Daily Devotional – 1 John 3:17 – December 15, 2023

“If anyone has material possessions and sees a brother or sister in need but has no pity on them, how can the love of God be in that person?”
1 John 3:17

I once read an internet thread in which someone posed a question for others to discuss. They asked (paraphrasing), “Imagine the government placed a bounty for your life of $5 million, and everyone in the world knew about it. The catch is, it only lasts two days, and if you survive until it passes, you get the $5 million yourself.” It was really a question intended to spark conversation about how you’d survive a hypothetical life and death situation. The result was a poignant observation about our world today. One of the top comments was (paraphrasing), “I’d put on my rattiest clothes, and my most scuffed up boots, and go sit on a street corner in Manhattan. Being a homeless person is the quickest way to become invisible in America.”

I think that person is right. Especially for those of us who live is big cities where homelessness is more common, we learn to tune them out, to ignore them. Many people, even many Christians, will even go so far as to rationalize why they don’t deserve our charity – they don’t deserve it with the choices they’ve made, they’ll probably use it on drugs, they should get a job, etc.

I wonder if those people have heard this verse from 1 John 3:17. John asks the rhetorical question, “If anyone has material possessions and sees a brother or sister in need but has no pity on them, how can the love of God be in that person?”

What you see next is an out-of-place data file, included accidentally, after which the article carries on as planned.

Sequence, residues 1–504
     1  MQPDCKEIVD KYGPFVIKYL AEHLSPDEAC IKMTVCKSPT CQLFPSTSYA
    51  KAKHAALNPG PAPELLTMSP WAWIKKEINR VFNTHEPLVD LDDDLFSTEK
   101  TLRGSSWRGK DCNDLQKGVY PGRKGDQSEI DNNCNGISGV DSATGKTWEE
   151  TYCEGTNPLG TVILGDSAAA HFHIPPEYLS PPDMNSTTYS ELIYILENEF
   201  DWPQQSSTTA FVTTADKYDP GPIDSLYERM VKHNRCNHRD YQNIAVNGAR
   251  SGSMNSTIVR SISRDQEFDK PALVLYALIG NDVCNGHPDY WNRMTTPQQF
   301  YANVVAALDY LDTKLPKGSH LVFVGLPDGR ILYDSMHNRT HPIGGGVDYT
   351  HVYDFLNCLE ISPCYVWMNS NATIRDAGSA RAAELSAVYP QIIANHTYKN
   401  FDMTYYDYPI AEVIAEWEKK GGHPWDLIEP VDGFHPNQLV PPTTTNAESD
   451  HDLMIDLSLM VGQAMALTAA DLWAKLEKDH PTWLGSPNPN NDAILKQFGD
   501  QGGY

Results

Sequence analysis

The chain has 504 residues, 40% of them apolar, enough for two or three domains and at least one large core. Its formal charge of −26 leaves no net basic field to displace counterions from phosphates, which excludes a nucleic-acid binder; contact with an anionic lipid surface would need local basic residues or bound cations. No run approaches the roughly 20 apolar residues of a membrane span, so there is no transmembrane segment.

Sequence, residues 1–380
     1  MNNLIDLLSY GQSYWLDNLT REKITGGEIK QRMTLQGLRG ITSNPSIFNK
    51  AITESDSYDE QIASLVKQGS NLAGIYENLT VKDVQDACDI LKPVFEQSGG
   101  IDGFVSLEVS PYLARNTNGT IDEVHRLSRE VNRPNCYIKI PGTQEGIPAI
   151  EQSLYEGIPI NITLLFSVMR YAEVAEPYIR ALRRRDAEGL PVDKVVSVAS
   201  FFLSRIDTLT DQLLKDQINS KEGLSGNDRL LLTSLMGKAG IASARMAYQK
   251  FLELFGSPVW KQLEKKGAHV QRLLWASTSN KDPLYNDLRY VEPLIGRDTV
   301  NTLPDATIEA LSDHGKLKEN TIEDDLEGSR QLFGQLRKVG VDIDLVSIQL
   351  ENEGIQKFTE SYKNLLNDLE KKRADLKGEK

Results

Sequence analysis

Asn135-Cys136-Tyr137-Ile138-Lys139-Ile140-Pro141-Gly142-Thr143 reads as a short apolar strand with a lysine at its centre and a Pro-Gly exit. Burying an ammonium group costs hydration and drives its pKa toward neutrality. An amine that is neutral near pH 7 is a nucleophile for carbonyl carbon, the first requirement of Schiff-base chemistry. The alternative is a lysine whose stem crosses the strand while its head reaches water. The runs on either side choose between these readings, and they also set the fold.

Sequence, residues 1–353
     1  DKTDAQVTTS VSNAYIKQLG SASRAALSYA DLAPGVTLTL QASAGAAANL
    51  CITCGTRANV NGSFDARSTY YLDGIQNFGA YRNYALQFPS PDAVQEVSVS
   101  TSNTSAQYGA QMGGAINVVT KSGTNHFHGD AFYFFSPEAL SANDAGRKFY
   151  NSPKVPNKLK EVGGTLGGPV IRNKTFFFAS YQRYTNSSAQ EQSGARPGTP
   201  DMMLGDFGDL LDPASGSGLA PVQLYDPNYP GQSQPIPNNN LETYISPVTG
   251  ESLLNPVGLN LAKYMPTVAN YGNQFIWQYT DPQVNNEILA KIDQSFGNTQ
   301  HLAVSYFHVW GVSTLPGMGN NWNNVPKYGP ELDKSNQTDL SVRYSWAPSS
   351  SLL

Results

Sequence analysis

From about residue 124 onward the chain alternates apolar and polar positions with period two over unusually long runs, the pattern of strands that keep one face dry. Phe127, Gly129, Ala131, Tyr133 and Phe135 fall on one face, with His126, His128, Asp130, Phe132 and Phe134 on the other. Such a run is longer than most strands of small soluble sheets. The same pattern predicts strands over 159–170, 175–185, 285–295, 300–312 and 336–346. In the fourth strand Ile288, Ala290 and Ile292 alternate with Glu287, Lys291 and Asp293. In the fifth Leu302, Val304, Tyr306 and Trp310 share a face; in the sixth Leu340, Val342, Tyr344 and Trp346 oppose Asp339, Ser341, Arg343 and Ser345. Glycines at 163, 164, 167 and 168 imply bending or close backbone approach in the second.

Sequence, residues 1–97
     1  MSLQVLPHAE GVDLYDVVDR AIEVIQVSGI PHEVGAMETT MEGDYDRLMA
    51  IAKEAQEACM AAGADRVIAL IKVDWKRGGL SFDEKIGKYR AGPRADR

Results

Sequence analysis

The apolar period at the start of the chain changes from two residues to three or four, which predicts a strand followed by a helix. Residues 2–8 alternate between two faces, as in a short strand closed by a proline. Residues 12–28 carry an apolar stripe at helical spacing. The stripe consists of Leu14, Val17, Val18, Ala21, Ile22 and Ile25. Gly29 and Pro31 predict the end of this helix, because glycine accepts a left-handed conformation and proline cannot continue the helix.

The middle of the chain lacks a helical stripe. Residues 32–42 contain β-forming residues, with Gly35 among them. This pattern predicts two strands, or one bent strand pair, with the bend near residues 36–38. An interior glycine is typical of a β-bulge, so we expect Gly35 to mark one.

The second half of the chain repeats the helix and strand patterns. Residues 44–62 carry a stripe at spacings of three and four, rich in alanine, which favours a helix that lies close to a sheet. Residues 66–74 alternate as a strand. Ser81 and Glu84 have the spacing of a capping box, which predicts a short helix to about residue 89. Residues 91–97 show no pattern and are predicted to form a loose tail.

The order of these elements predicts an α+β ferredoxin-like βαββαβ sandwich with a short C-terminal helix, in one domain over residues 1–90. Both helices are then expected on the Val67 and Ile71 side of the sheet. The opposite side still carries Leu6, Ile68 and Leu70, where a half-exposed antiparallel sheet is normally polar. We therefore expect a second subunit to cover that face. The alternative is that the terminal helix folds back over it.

The obvious answer is that they clearly don’t.

Does that strike a chord with you? It does for me. I live in a pretty big city, and I see homeless people out on the street very frequently. I try to help often, but I also find myself avoiding eye contact and trying to ignore them when I don’t feel like I have the time or money to help. The irony is that I do this while sitting in a car that costs thousands of dollars, with a wallet in my pocket, money in my bank accounts, food in my pantry, and a heated/air conditioned house to go home to.

Notice that John doesn’t say, “money,” he says “material possessions.” I definitely meet that requirement. Chances are you do too.

We are called to take action, not to ignore. We are called to see, not tune out. We are called to take pity on those who are in need when the rest of the world won’t. We aren’t called to judge their qualification or determine their worthiness of our help. We’re simply called to love, to serve, and to help how we can. It’s that simple. There are no t’s to cross or i’s to dot. There are no boxes to check or qualificaitions to meet. It is simply the nature of a person filled with the love of God to give, to serve, and to love out of the overflow of what God has given them, how he has served them, and how he loves them.


Help us not to ignore those in need, but to see them, to recognize them as your own children, and to help them however we can. Help us not to be callous to them, but take pity and then take action.
In Jesus’ Name,

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